The South Carolina Supreme Court answered certified two questions from the U.S. District Court for the District of South Carolina. The case concerned supplemental health insurance policies, which differ from ordinary health insurance policies in both purpose and operation. The questions were: (1) whether the definition of "actual charges" contained within S.C. Code Ann. 38-71-242 be applied to insurance contracts executed prior to the statute's effective date; and (2) whether the South Carolina Department of Insurance could mandate the application of "actual charges" to policies already inexistence on the statute's effective dates by prohibiting an insurance company from paying claims absent the application of that definition. The South Carolina Supreme Court answered both questions "no." View "Kirven v. Central States" on Justia Law
Bradford v. Jai Med. Sys. Managed Care Org., Inc.
Jai Medical Systems Managed Care Organization, Inc. (JaiMCO) is an entity that contracts with health care providers to provide health care services to patients enrolled in the State Medicaid program. Dr. Steven Bennett participated as a specialty care provider in the network of JaiMCO. Petitioner chose Dr. Bennett to treat a bunion on her foot that was causing her pain. After Dr. Bennett performed surgery to remove the bunion Petitioner developed gangrene, and her foot had to be partially amputated. Petitioner sought to hold JaiMCO liable for Dr. Bennett’s negligence on a theory of apparent agency, asserting that JaiMCO created the appearance that Dr. Bennett was its agent and that she reasonably relied on that appearance. A jury returned a verdict in Petitioner’s favor. The court of special appeals reversed, determining that the evidence was insufficient to support the verdict. The Court of Appeals affirmed, holding (1) a managed care organization may be vicariously liable for the negligence of a network physician under a theory of apparent agency; but (2) even if Petitioner subjectively believed Dr. Bennett was an employee of JaiMCO, the belief was not reasonable under the facts of this case.View "Bradford v. Jai Med. Sys. Managed Care Org., Inc." on Justia Law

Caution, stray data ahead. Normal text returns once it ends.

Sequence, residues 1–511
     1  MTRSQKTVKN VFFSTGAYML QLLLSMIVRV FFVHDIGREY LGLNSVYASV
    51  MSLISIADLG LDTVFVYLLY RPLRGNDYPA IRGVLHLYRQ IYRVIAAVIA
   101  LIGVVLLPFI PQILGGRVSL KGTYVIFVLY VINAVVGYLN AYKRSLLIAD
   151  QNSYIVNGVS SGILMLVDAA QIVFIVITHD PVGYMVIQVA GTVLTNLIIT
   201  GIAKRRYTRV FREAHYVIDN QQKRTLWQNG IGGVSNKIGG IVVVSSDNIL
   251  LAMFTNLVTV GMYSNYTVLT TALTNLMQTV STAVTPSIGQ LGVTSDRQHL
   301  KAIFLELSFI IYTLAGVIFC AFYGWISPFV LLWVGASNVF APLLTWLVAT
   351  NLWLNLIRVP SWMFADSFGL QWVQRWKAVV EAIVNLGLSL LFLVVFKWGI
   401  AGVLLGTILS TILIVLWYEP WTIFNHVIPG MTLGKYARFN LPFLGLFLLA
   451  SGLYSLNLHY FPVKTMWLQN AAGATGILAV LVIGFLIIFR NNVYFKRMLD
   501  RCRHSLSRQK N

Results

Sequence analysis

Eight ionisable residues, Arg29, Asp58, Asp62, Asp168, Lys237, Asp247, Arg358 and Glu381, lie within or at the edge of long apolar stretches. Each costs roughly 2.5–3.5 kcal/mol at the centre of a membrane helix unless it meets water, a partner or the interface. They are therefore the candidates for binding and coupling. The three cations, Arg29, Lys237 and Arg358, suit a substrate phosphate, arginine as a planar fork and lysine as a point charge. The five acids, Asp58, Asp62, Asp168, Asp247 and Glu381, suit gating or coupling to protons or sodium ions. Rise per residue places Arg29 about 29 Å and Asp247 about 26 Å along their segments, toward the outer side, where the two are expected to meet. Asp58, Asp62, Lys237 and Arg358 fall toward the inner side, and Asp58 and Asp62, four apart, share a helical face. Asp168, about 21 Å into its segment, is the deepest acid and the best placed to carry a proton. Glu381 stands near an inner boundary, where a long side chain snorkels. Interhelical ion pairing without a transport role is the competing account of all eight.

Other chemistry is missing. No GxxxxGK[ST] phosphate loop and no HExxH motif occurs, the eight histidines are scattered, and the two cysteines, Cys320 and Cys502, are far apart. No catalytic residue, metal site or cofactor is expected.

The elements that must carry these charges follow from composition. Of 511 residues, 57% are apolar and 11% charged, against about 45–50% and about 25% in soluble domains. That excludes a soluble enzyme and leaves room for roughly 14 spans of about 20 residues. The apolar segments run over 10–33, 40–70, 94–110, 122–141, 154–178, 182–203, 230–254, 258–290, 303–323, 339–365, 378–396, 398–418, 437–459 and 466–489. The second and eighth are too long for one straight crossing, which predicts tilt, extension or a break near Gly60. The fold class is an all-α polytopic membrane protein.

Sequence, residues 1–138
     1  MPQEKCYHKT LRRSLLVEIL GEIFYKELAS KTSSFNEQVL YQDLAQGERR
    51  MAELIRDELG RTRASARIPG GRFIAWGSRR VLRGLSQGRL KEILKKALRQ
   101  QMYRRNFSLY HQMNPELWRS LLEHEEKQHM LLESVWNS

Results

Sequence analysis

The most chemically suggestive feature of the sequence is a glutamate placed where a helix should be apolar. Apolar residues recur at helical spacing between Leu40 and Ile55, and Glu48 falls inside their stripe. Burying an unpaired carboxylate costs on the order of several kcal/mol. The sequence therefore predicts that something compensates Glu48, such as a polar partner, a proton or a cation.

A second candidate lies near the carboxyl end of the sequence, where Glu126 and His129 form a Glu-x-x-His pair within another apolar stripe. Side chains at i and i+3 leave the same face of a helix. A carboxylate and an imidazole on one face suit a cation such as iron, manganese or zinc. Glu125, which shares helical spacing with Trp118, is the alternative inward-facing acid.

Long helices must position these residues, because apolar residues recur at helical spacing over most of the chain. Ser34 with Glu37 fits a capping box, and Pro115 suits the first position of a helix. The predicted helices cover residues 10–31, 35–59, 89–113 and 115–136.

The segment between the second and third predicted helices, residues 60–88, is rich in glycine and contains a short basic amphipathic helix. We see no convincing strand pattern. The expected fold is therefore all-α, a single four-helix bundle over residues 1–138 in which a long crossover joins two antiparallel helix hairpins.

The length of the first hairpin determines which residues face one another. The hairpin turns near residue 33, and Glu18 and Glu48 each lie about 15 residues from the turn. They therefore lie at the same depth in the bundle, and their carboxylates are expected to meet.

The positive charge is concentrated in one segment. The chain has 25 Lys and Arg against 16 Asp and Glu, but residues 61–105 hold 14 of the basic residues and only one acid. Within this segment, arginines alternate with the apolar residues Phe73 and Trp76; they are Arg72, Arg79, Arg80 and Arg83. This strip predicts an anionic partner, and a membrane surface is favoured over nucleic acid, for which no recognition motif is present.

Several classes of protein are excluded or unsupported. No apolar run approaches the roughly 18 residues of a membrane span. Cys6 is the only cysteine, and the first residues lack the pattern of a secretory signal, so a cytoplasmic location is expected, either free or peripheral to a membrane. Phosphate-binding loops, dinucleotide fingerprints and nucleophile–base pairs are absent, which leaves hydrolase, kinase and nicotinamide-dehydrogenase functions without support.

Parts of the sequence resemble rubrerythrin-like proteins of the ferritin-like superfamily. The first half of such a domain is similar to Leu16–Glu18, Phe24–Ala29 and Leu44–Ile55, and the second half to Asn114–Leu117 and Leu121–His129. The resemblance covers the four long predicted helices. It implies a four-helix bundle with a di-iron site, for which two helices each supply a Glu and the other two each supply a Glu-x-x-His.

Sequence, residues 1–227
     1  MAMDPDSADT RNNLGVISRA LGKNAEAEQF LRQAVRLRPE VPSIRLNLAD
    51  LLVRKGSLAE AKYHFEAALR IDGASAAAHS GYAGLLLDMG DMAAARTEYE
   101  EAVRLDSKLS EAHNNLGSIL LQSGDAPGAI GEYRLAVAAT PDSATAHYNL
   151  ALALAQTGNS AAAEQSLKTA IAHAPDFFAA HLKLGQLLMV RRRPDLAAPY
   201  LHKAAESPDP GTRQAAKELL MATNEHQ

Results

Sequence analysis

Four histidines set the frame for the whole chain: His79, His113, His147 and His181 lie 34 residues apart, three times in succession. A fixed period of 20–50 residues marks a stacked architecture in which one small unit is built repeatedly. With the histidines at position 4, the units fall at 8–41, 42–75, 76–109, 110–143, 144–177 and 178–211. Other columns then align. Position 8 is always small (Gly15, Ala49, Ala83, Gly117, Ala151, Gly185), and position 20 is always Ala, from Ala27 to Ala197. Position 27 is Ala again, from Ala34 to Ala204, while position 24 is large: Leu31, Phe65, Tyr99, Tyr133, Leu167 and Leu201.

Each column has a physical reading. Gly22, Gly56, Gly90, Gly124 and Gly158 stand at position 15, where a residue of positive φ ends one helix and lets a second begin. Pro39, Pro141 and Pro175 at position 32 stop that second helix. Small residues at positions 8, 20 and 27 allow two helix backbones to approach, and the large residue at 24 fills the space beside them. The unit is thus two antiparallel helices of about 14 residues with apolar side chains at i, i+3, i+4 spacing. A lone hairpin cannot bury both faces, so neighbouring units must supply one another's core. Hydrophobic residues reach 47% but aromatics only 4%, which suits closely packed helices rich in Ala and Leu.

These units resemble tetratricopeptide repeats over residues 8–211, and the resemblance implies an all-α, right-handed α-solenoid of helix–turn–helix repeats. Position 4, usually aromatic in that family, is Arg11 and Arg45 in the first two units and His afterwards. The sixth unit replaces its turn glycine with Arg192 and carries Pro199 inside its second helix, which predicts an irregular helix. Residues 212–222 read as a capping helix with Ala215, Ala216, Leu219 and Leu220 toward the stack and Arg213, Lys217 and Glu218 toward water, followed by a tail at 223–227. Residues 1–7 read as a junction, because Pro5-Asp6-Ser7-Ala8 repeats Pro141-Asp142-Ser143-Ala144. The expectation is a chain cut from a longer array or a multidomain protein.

Bullitt Fiscal Court v. Bullitt County Bd. of Health